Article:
Sunday, 9 July 2017

How to pass arguments to a powershell script?

It’s been a while folks. Recently, a colleague of mine asked me how to pass argument(s) to a PowerShell script and how does it work. I even come across the same problem when I started PowerShell so I decided to write something about it for those who may need.

Let’s dig into the subject:
Basically, you want to achieve something like this:

.\Powershell.exe “C:\myScript.ps1” -args1 “value1” -args2 “value2” […]  -optional1 -optional2 […]

With as many arguments and optional switch you want.

How it is done?


Edit your script and at the head of your file before everything add the following lines:


The statement:

Param(): declares parameters that will be used, pretty obvious.
[Parameter()]: specifications about the parameter if it is mandatory, its position …
[string] /[int] /[switch]: parameters type.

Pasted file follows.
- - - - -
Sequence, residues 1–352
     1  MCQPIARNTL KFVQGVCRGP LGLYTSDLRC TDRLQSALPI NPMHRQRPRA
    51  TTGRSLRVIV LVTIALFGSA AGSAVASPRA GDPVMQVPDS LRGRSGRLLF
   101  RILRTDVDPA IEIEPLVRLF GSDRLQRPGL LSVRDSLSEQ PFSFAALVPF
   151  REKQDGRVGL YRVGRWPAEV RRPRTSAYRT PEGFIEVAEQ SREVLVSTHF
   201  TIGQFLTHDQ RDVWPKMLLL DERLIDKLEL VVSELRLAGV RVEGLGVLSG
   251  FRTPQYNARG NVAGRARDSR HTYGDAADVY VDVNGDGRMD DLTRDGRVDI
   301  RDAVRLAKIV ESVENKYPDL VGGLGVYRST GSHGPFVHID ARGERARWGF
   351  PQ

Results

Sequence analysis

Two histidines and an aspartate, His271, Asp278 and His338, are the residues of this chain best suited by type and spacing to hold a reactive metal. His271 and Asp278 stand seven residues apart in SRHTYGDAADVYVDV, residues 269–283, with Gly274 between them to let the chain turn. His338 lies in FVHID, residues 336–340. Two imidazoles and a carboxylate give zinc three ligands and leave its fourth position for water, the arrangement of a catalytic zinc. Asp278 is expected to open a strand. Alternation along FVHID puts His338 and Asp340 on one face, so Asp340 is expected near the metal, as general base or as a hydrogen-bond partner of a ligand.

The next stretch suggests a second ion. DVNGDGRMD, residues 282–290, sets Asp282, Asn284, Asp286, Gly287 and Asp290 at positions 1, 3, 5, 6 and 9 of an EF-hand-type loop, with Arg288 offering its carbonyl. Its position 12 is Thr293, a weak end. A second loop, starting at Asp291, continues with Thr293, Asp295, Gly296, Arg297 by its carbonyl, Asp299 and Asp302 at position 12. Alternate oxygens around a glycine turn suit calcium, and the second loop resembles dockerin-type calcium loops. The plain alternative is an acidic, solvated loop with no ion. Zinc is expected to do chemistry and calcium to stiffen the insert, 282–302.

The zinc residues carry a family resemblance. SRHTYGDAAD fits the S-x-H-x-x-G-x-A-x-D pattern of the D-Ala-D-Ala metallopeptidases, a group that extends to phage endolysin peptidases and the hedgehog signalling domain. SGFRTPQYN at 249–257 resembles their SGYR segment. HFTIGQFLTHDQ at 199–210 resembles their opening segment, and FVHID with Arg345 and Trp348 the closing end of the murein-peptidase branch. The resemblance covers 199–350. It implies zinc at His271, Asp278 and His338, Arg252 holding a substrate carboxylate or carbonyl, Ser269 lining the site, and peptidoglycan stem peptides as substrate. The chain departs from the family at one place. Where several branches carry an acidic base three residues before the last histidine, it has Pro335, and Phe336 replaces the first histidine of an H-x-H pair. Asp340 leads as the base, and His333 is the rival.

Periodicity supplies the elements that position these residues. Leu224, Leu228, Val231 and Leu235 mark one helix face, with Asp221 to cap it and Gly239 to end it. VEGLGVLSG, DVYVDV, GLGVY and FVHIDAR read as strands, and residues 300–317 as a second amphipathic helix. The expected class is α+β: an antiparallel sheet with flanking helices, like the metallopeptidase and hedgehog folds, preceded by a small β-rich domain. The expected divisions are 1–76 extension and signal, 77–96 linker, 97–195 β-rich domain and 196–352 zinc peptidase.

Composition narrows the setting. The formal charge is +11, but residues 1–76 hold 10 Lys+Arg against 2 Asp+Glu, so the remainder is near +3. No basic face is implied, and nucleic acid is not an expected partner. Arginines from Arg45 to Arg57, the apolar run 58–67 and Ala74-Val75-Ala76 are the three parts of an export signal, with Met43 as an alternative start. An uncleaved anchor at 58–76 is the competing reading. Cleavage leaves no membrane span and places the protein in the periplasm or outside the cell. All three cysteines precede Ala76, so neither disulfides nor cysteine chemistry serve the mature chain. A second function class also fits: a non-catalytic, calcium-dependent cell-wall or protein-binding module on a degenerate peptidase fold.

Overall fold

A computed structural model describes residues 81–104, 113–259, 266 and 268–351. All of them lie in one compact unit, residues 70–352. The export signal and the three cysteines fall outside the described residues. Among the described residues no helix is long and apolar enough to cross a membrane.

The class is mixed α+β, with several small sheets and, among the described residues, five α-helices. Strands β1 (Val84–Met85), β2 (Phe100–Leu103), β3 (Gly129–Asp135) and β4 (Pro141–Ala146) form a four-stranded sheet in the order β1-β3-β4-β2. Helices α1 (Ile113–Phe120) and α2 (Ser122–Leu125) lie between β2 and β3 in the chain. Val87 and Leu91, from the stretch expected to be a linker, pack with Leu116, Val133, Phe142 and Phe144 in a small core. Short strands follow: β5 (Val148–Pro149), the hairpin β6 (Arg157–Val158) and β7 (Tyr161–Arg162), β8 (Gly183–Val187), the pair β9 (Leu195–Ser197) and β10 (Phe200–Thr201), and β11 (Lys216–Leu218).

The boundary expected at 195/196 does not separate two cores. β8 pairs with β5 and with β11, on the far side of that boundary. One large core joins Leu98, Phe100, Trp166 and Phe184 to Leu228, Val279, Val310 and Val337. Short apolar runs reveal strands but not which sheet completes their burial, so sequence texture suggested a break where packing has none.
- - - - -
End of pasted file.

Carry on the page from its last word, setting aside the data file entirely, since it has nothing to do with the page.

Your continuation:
How does it work?


The variable provided in parameter can be called anywhere in your script.
Just remember one thing, the parameter “type”:
[String] means the value is casted into System.String and [Int] to System.Int32.
[Switch] is a little bit different. It doesn’t receive value like the others. It is a “Boolean”, If it’s specified its value is “true” and “false” otherwise.

How to use it?


The script can be called in two ways:

Specifying parameters:


Not specifying parameters:


In this case the “position” mentioned above is needed. This way the input is attributed to the correct argument of the script.

For example:

Here, name is associated with first value (this is what it means position=1), firstName with second value and so one.

If we run the code above, we will have:





Now let’s make some modification to the same script:

I just changed the Position value. And if we run it again, the output will be:






As you can see, the result is not the same, so when you write your script make sure to specify the correct position. 

The whole code


For those who are looking for a sample code: 

The output will be:

1) With no parameters specified:

2) With parameters specified:

Thanks for reading, hope it helped! 😊


Share:

0 commentaires:

Post a Comment

Popular Posts

Join us on Facebook

STATS

Contact Form

Name

Email *

Message *